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Sphingolipid synthesis and scavenging in the intracellular apicomplexan parasite, Toxoplasma gondii


Pratt, Steven; Wansadhipathi-Kannangara, Nilu K; Bruce, Catherine R; Mina, John G; Shams-Eldin, Hosam; Casas, Josefina; Hanada, Kentaro; Schwarz, Ralph T; Sonda, Sabrina; Denny, Paul W (2013). Sphingolipid synthesis and scavenging in the intracellular apicomplexan parasite, Toxoplasma gondii. Molecular and Biochemical Parasitology, 187(1):43-51.

Abstract

Sphingolipids are essential components of eukaryotic cell membranes, particularly the plasma membrane, and are involved in a diverse array of signal transduction pathways. Mammals produce sphingomyelin (SM) as the primary complex sphingolipid via the well characterised SM synthase. In contrast yeast, plants and some protozoa utilise an evolutionarily related inositol phosphorylceramide (IPC) synthase to synthesise IPC. This activity has no mammalian equivalent and IPC synthase has been proposed as a target for anti-fungals and anti-protozoals. However, detailed knowledge of the sphingolipid biosynthetic pathway of the apicomplexan protozoan parasites was lacking. In this study bioinformatic analyses indicated a single copy orthologue of the putative SM synthase from the apicomplexan Plasmodium falciparum (the causative agent of malaria) was a bona fide sphingolipid synthase in the related model parasite, Toxoplasma gondii (TgSLS). Subsequently, TgSLS was indicated, by complementation of a mutant cell line, to be a functional orthologue of the yeast IPC synthase (AUR1p), demonstrating resistance to the well characterised AUR1p inhibitor aureobasidin A. In vitro, recombinant TgSLS exhibited IPC synthase activity and, for the first time, the presence of IPC was demonstrated in T. gondii lipid extracts by mass spectrometry. Furthermore, host sphingolipid biosynthesis was indicated to influence, but be non-essential for, T. gondii proliferation, suggesting that whilst scavenging does take place de novo sphingolipid synthesis may be important for parasitism.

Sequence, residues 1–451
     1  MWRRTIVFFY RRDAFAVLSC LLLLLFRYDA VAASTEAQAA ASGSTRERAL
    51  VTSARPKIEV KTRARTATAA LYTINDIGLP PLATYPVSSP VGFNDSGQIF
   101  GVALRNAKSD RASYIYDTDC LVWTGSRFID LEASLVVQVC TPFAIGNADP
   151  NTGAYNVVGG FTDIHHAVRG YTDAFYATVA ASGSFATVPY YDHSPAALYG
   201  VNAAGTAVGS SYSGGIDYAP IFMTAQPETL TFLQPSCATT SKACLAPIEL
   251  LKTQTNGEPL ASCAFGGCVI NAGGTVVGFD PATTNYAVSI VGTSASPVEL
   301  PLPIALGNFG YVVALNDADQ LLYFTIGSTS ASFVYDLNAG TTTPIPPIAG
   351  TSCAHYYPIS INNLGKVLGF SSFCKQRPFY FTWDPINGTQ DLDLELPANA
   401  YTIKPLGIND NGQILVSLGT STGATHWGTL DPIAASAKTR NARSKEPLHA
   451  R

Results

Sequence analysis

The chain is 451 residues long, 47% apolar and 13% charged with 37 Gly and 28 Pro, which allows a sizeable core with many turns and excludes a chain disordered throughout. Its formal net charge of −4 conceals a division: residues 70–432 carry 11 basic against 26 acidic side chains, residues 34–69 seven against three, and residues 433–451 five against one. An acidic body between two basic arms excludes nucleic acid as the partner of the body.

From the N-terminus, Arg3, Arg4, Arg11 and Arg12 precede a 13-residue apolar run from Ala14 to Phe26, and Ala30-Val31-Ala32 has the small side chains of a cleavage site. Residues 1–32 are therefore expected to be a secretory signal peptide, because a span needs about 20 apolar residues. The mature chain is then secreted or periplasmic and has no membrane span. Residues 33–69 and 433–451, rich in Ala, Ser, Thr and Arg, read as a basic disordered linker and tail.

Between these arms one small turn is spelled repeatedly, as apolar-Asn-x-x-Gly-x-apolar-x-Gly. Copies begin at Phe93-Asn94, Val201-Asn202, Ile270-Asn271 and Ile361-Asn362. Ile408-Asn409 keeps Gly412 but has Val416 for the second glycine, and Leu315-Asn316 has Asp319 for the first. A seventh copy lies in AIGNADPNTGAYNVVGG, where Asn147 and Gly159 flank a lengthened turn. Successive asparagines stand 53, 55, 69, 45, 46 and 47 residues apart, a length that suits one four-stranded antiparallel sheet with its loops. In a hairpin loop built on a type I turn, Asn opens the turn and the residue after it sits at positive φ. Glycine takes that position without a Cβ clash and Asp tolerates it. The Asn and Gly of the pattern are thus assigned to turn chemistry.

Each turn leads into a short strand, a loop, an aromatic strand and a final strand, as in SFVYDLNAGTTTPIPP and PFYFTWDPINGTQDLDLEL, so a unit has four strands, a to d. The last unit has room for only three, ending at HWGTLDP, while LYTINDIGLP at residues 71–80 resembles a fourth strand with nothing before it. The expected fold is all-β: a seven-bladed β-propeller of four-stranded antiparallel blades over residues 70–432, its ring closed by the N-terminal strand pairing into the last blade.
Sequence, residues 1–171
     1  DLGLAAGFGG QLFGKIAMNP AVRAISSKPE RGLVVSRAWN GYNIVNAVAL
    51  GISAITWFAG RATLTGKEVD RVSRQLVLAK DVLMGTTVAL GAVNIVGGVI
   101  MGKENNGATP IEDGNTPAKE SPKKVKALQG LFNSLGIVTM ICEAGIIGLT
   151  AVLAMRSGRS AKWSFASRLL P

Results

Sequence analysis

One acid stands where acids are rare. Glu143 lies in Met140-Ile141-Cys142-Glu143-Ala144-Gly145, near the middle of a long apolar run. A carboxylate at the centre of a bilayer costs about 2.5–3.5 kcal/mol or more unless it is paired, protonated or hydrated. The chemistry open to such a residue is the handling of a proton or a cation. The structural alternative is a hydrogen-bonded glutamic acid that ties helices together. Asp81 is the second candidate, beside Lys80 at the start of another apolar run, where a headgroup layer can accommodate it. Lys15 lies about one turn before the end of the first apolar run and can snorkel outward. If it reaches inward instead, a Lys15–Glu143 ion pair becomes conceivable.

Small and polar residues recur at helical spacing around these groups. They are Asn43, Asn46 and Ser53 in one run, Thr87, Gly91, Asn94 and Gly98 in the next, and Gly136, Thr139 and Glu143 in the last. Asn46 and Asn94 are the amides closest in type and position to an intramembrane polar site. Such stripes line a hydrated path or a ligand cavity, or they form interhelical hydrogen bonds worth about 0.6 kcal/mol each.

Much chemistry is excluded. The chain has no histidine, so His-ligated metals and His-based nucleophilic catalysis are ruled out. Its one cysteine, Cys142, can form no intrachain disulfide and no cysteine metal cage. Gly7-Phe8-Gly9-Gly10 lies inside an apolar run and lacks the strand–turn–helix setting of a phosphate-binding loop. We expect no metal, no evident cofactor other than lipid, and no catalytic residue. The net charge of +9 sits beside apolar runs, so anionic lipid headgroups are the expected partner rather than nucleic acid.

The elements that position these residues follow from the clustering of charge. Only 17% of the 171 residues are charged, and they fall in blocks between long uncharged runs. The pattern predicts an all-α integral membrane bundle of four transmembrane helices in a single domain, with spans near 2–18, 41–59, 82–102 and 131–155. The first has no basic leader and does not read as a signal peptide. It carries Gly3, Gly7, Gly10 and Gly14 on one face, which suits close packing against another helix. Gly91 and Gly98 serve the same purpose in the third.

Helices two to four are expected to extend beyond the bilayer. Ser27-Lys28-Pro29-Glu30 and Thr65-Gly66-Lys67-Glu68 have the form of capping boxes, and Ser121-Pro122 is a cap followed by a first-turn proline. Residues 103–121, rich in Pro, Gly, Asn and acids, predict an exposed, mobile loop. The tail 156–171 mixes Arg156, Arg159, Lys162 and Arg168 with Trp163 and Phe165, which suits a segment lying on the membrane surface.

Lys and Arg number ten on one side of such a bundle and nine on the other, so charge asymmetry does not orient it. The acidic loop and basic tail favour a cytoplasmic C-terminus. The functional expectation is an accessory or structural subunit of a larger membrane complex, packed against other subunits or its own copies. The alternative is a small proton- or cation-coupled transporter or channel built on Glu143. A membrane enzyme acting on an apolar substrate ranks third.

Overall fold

Sphingolipids are essential components of eukaryotic cell membranes, particularly the plasma membrane, and are involved in a diverse array of signal transduction pathways. Mammals produce sphingomyelin (SM) as the primary complex sphingolipid via the well characterised SM synthase. In contrast yeast, plants and some protozoa utilise an evolutionarily related inositol phosphorylceramide (IPC) synthase to synthesise IPC. This activity has no mammalian equivalent and IPC synthase has been proposed as a target for anti-fungals and anti-protozoals. However, detailed knowledge of the sphingolipid biosynthetic pathway of the apicomplexan protozoan parasites was lacking. In this study bioinformatic analyses indicated a single copy orthologue of the putative SM synthase from the apicomplexan Plasmodium falciparum (the causative agent of malaria) was a bona fide sphingolipid synthase in the related model parasite, Toxoplasma gondii (TgSLS). Subsequently, TgSLS was indicated, by complementation of a mutant cell line, to be a functional orthologue of the yeast IPC synthase (AUR1p), demonstrating resistance to the well characterised AUR1p inhibitor aureobasidin A. In vitro, recombinant TgSLS exhibited IPC synthase activity and, for the first time, the presence of IPC was demonstrated in T. gondii lipid extracts by mass spectrometry. Furthermore, host sphingolipid biosynthesis was indicated to influence, but be non-essential for, T. gondii proliferation, suggesting that whilst scavenging does take place de novo sphingolipid synthesis may be important for parasitism.

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6 citations in Web of Science®
8 citations in Scopus®
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Additional indexing

Item Type:Journal Article, refereed, original work
Communities & Collections:04 Faculty of Medicine > University Hospital Zurich > Clinic for Visceral and Transplantation Surgery
Dewey Decimal Classification:610 Medicine & health
Language:English
Date:2013
Deposited On:07 Feb 2014 07:14
Last Modified:05 Apr 2016 17:30
Publisher:Elsevier
ISSN:0166-6851
Publisher DOI:https://doi.org/10.1016/j.molbiopara.2012.11.007
PubMed ID:23246819

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